I’m a celebrity. Since Thanksgiving, I’ve been written up and quoted in three local newspapers; I’ve been on the evening news of all three major television networks, NBC, CBS and ABC. Yesterday, the story was picked up by the Los Angeles Times, which printed a full article that quoted me, and had my picture in it; and now I find out that later this week, I’m going to be interviewed for a story in The Wall Street Journal.
I say my picture was in the paper, but truthfully, you can’t really quite see as me … well … that is really me there, holding Eloise, our Chihuahua, but … all you can see is my hand. It’s a very cute picture of Eloise, though.
Last November, a few days before Thanksgiving, our pet Chihuahua, Eloise, was snatched from my bedroom by a coyote. I got there just in time to see him backing out of my bedroom doors to our front garden and running off with a shrieking Eloise in his mouth. It’s a sight and sound I will not soon forget.
Because we were just one of many households in our town who have lost pets to coyotes, and since the problem was on the rise and getting worse, I decided to put my writing skills to work in a letter to the local newspaper in an attempt to bring this issue to light and force the city to do something about it. Well, my letter was printed, and the rest is history. Apparently, my story tipped the scale on an issue that was just waiting to be brought forward. Scores of concerned pet owners came out of the woodwork and we soon discovered the local police department was already trying to figure out how best to address the reality of 83 reported coyote incidents in just the previous few weeks.
Our town backs into mountains and canyons that are the natural home of a number of wild critters including possums, skunks, raccoons, coyotes, bobcats, deer and even mountain lions. We’ve lived here for over 15 years, and learned to co-exist with the possums, skunks, and raccoons, as well as the occasional sighting of a coyote and abduction of a pet. (In the last 10 years we’ve lost a cat and another dog.) We’ve learned to be wary of the fact that they will come in from the wild if their natural food source is diminished. But this was different. This was story after story of coyotes becoming more and more aggressive — exhibiting no fear of humans — and now actually entering someone’s home.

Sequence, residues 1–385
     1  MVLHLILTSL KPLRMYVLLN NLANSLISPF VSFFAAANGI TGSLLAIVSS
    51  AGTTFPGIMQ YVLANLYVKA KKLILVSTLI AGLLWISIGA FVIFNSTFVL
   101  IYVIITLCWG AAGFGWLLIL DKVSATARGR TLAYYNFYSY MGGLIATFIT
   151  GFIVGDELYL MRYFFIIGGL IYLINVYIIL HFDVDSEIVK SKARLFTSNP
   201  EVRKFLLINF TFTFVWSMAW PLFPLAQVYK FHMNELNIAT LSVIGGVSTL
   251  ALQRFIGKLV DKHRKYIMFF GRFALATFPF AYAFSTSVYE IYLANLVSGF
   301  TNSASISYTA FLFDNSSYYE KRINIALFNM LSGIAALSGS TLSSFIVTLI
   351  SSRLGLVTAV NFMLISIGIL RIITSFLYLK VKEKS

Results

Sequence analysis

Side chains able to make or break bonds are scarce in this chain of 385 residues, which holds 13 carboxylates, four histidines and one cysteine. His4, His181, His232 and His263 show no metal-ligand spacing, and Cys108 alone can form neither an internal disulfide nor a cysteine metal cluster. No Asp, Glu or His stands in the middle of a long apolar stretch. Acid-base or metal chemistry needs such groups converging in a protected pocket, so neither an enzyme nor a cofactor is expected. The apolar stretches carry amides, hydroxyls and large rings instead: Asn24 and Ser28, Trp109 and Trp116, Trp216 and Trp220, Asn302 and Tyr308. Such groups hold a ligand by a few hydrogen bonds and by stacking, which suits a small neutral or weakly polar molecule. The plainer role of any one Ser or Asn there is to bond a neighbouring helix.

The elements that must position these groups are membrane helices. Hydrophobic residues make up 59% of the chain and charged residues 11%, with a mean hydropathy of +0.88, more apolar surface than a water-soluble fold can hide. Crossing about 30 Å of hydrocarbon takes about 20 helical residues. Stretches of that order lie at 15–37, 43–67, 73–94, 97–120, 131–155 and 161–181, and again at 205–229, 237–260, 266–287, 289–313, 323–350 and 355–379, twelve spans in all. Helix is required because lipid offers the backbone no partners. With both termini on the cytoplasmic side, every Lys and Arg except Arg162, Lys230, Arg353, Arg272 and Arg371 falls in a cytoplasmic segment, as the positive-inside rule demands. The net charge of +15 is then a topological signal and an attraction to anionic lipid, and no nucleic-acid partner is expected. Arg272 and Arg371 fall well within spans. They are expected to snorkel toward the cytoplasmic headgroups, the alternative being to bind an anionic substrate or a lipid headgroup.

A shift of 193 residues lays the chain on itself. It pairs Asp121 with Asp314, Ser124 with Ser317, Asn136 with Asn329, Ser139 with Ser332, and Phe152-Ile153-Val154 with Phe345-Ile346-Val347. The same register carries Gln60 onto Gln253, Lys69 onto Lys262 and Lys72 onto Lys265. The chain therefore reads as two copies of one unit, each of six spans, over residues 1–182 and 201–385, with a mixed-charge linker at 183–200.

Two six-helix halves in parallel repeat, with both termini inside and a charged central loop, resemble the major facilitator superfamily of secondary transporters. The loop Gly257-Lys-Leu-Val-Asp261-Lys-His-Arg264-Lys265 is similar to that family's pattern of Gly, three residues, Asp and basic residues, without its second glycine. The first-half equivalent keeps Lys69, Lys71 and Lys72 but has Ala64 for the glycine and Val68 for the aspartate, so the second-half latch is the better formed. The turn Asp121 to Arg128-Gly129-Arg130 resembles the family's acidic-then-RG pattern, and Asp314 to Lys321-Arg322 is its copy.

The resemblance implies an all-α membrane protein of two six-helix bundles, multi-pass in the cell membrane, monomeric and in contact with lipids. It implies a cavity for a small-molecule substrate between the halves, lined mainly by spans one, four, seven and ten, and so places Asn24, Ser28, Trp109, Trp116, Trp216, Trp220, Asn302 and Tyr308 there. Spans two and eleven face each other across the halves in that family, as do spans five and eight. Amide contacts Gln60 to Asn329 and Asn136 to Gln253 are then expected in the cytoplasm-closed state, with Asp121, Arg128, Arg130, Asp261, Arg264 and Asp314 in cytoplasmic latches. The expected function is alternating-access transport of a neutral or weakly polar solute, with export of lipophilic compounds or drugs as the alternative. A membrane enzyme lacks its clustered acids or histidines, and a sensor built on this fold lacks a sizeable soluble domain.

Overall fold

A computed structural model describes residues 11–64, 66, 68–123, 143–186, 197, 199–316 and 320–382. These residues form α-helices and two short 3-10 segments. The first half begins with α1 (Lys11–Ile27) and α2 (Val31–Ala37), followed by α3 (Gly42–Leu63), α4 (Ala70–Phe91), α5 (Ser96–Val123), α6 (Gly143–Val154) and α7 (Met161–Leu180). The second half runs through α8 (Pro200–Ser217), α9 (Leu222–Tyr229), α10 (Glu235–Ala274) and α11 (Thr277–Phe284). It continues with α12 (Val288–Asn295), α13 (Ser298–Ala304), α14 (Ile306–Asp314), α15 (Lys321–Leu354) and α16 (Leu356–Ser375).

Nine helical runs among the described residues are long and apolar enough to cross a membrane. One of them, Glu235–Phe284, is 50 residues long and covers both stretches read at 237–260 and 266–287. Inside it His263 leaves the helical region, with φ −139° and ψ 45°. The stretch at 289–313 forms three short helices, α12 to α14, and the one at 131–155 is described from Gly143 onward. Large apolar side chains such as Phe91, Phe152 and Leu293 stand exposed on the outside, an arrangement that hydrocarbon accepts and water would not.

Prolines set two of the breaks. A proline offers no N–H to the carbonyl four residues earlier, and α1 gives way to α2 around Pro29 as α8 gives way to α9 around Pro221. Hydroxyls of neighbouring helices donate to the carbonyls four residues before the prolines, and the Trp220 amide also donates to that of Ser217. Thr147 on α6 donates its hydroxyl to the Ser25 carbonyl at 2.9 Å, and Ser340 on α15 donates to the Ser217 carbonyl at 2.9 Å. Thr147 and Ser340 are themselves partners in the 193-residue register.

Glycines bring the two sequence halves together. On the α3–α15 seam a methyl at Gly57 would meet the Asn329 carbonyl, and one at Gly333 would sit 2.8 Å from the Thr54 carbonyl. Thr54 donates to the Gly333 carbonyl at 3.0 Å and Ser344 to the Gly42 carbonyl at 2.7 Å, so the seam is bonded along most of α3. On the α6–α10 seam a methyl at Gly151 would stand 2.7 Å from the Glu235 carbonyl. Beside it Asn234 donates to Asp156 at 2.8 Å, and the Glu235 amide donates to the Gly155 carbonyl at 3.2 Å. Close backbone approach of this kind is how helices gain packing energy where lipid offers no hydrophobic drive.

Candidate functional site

What we found out, and what the police had already uncovered, is that these were in fact not coyotes from the wild, but third generation coyotes born and raised in town. This was a new breed of urban coyotes who are being taught by their parents to survive off our garbage and our pets.
So it has become a big deal, and the recent article in the Times and soon in the Journal is due to a city council meeting last week where the council voted 4 to 1 to appropriate funds for a trapping program as a last resort to try and at least manage the coyote population in town. An imbalance has been created because here in town there are no bobcats or mountain lions to keep the coyote population in check. And, as many of you now know, I was at that meeting to tell my story, and now am in the middle of a political controversy because of the animal rights group that is now joining the fight to oppose trapping. These are the people who argue that the coyotes have as much right to be here as we do — maybe more — because they were here first.
So there we are in the middle of this — me, or at least my hand, and Eloise— and who knows where it will end. But I can’t help but thinking of what I would have given to have had this kind of publicity in the middle of my singer/songwriting career. It’s just that no one is asking me about any of that; they’re asking me about my dog. Who says God doesn’t have a sense of humor?
It’s been a huge lesson in humility that of all the hours I’ve spent in interviews over my books and songs, and all the plans I’ve calculated to increase my publicity, it’s my dog that gives me my big break. Well, I can rest assured that, if they use the same picture, at least my hand will have made it into The Wall Street Journal.